BUS 640: Managerial Economics Professor
People have long made condescending declarations that theories do not have any practical application to real world problems. But, the problem with people who make comments such as those is that they have not learned how to properly use theories to aid in breaking down real world processes. Profitable solutions usually require that people understand how the real world functions, which is often far too complex to comprehend without making the simplifying assumptions used in theories (Thomas and Maurice, 2011, p. 3). Economic theories allow us to make the complex a little less complicated by using the streamlined hypotheses that the theories provide. In this sense, managers can use an economic way of thinking about business problems to make predictions and explanations that are valid in the real world, even though the theory may ignore many of the actual characteristics of the real world (Thomas and Maurice, 2011, p. 4).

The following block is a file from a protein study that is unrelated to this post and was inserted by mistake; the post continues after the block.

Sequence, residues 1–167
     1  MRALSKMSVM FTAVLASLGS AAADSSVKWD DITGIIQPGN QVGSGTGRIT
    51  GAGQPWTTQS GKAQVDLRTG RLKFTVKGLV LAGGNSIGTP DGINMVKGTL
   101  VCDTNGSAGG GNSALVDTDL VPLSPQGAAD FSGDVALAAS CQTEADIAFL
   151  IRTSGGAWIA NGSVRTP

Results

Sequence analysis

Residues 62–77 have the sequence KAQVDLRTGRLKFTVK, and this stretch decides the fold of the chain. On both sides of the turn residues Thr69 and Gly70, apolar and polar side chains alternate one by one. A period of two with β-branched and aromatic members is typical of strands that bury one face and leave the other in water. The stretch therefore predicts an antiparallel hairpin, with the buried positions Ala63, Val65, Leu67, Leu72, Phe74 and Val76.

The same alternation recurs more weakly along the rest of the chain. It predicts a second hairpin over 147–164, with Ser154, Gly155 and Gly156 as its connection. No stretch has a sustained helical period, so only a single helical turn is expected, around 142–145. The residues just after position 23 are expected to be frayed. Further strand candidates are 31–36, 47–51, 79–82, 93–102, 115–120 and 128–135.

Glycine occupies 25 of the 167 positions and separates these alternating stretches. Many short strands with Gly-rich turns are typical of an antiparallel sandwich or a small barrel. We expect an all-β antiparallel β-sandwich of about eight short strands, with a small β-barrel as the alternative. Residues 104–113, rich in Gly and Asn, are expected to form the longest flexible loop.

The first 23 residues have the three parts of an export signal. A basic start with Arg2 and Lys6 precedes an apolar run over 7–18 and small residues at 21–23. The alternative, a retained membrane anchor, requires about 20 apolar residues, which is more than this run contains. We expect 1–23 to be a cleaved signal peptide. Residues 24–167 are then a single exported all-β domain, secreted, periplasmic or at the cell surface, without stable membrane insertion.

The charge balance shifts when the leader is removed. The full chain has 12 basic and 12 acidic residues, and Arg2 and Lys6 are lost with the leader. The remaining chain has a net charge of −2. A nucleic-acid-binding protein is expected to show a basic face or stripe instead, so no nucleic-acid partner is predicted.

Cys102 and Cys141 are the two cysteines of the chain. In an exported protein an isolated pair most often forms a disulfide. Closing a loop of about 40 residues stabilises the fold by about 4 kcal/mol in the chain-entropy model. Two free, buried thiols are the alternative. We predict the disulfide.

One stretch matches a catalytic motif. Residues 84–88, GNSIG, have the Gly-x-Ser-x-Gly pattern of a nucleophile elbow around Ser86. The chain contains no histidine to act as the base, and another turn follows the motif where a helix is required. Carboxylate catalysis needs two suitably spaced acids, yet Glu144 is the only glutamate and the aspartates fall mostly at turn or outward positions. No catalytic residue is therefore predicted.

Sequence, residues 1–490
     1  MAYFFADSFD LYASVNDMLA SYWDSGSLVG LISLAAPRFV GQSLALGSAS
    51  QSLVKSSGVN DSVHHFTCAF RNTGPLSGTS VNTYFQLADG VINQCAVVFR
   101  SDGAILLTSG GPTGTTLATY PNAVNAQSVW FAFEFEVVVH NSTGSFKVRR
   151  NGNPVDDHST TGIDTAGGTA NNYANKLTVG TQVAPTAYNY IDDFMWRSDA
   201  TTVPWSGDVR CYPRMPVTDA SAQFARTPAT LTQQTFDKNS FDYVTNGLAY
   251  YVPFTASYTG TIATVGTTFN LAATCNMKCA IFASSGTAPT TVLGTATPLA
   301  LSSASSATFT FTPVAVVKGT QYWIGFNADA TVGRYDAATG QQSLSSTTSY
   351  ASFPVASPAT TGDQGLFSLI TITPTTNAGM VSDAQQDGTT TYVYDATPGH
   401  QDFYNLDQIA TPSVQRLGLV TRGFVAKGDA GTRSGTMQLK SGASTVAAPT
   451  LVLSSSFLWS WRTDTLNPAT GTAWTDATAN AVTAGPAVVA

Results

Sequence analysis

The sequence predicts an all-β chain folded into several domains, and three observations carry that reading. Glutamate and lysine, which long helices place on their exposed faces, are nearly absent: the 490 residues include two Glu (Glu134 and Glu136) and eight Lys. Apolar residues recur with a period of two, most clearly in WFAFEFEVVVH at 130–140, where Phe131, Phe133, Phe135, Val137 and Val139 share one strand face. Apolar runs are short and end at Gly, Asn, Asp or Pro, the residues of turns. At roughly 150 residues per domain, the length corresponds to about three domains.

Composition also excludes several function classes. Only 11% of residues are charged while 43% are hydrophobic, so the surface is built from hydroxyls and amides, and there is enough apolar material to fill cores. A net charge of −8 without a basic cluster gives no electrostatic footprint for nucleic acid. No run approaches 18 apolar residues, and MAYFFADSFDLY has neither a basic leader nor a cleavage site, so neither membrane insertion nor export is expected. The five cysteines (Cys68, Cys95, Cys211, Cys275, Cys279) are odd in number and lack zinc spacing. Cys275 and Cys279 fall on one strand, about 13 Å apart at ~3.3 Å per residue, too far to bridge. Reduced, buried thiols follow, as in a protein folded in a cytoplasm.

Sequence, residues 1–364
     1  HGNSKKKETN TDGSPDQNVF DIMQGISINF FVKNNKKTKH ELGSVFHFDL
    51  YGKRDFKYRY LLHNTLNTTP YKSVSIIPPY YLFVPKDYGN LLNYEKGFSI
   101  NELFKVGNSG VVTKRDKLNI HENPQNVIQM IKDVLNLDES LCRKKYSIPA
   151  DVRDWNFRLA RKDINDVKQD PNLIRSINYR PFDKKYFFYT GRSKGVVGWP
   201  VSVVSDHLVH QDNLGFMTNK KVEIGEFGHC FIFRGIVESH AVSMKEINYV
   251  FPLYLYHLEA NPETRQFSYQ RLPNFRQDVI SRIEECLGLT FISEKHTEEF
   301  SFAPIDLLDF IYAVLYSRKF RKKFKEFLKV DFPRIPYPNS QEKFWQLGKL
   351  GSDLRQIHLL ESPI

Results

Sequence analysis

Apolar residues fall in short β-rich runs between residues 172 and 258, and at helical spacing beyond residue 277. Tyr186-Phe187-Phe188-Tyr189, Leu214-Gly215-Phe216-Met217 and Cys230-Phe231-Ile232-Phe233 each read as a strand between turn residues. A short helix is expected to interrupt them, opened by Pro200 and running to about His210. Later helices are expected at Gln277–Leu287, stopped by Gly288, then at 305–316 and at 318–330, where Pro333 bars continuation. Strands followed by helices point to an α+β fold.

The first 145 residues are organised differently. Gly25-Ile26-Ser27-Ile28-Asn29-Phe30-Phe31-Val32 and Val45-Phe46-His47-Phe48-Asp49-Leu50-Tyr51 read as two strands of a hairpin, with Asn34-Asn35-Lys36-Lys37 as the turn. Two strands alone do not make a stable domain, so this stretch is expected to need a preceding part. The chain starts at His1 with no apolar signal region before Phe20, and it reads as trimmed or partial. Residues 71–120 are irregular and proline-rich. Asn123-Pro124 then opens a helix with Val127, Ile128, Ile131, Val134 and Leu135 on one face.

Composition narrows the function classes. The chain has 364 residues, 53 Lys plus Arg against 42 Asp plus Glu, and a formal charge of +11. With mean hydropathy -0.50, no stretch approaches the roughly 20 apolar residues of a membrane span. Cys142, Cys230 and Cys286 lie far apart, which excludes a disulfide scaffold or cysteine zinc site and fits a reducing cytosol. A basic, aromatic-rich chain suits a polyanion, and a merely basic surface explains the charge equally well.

Supply and demand is perhaps one of the most fundamental concepts of economics and is considered the backbone of a market economy (Investopedia, 2011, ¶ 1). With the simplicity of the laws of supply and demand, it is widely used by highly experienced market analysts and forecasters to make decisions that can greatly affect the profitability of a business (Thomas and Maurice, 2011, p. 36). Although the general concept of supply and demand is usually thought of when referring to consumer goods and services, it is also applied to other areas for resources such as labor, raw materials, and capital equipment.
There are six principal variables that influence the quantity demanded of goods and services: the price of the good or service, the incomes of consumers, the prices of related goods and services, the tastes or preference patterns of consumers, the expected price of the product in future periods, and the number of consumers in the market (Thomas and
References: Investopedia. (2011). Economic basics: demand and supply. Retrieved December 9, 2011, from http://www.investopedia.com/university/economics/economics3.asp#ixzz1gO3Ntb6O. Otten, A.L. (1992, March 31). People patterns: economic perspective produces steady yields. Wall Street Journal (Eastern Edition), p. B1. Retrieved December 10, 2011, from ABI/INFORM Global. (Document ID: 4283526). Thomas, C. & Maurice, S. (2011). Managerial economics: Foundations of business analysis and strategy. (10th ed). New York: McGraw-Hill.